The French artificial intelligence student achieved the extraordinary feat of mental arithmetic in just 70.2 seconds, beating his own previous record of 72.4 seconds.
After claiming his place in the Guinness Book of Records, Mr Lemaire said: "When I do an extremely fast calculation is extremely satisfying. I'm really excited to improve myself.
"Since nobody else has done anything similar before, psychologically it is extremely rewarding."
Calculating the 13th root of 100-digit numbers has been a yardstick for the world's leading "mathletes" since a Herbert B. de Grote achieved the feat in 23 minutes in 1970.
Mr Lemaire first claimed that record in 2002 but gave up the challenge three years ago after completing it in 3.6 seconds. Since then he has concentrated on more difficult 200-digit numbers.
As a nine-year-old he used to impress his school friends and teachers by working out the square root of eight-digit number they tapped into calculators.
He trains for around four hours per day, practising calculations and memorising thousands of tables of numbers and multiplications.
Mr Lemaire, who will not reveal precise details of how he does it, describes the process as "reverse artificial intelligence".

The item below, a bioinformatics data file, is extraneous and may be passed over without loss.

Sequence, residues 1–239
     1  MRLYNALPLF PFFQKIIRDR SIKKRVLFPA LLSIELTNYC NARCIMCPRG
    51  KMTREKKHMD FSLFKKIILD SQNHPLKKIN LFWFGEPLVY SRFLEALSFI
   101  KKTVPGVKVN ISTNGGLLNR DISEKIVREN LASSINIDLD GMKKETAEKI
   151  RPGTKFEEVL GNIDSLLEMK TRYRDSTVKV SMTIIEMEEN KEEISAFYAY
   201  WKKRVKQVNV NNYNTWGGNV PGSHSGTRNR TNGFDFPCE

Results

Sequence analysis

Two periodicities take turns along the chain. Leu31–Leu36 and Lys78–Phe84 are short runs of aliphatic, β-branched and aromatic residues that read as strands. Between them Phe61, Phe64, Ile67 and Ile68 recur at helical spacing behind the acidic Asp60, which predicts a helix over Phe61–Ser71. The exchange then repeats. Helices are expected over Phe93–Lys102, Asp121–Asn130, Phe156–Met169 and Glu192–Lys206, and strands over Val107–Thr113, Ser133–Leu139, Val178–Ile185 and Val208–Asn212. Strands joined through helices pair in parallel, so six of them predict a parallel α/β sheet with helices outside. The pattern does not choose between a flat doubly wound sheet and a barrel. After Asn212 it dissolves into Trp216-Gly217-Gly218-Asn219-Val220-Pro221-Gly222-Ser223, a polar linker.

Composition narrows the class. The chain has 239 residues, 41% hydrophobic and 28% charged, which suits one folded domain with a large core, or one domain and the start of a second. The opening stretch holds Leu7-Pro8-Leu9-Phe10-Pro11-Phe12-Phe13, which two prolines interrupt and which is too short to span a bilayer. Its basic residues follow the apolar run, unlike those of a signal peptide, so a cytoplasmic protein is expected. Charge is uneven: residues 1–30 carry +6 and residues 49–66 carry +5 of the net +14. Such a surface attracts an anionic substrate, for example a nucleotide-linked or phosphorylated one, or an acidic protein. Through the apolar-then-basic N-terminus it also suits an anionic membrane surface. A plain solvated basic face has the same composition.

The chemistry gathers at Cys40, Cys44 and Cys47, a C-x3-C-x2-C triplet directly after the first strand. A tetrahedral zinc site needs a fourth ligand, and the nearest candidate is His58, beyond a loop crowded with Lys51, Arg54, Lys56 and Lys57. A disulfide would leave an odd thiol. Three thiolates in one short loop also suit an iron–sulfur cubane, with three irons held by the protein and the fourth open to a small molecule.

He said: "I will not say exactly what is my method. I am doing something like artificial intelligence in reverse, because I am imitating a computer."
Mr Lemaire, who is working on an artificial intelligence PhD at the University of Reims, added that he believed it should be possible to achieve "mind uploading" - the hypothetical ability to create an accurate computer simulation of a human mind.
He added: "My ambition is to generalise these abilities to many brain processes, to run something like a computer programme in my head which I can use for any task.
"If I run a computer programme all the time in my head, it should be possible to download it to a computer programme and that leads to mind-uploading.
"This would mean the computer would have all the same skills as me. I think it is possible."
He broke the record at the Science Museum in London, against a backdrop of Charles Babbage's Difference Engine No. 2 - the world's first successful mechanical calculator, designed in the 1840s.
Jane Wess, curatoe of mathematics at the museum, said: 'He sat down and it was all very quiet and all of a sudden he just cracked it.
'He seems to have a large memory and he's made this his life ambition. It's quite remarkable to see it happen.'
Please click on video
The Daily Telegraph